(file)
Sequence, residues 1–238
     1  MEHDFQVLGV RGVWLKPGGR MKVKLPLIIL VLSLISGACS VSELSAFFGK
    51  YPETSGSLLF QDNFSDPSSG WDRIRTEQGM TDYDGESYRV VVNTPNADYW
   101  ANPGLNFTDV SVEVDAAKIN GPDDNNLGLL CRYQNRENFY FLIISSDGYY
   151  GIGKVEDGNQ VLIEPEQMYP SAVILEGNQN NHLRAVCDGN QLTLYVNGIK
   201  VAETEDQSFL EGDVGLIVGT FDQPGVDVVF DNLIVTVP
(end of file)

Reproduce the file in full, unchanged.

Sequence, residues 1–238
     1  MEHDFQVLGV RGVWLKPGGR MKVKLPLIIL VLSLISGACS VSELSAFFGK
    51  YPETSGSLLF QDNFSDPSSG WDRIRTEQGM TDYDGESYRV VVNTPNADYW
   101  ANPGLNFTDV SVEVDAAKIN GPDDNNLGLL CRYQNRENFY FLIISSDGYY
   151  GIGKVEDGNQ VLIEPEQMYP SAVILEGNQN NHLRAVCDGN QLTLYVNGIK
   201  VAETEDQSFL EGDVGLIVGT FDQPGVDVVF DNLIVTVP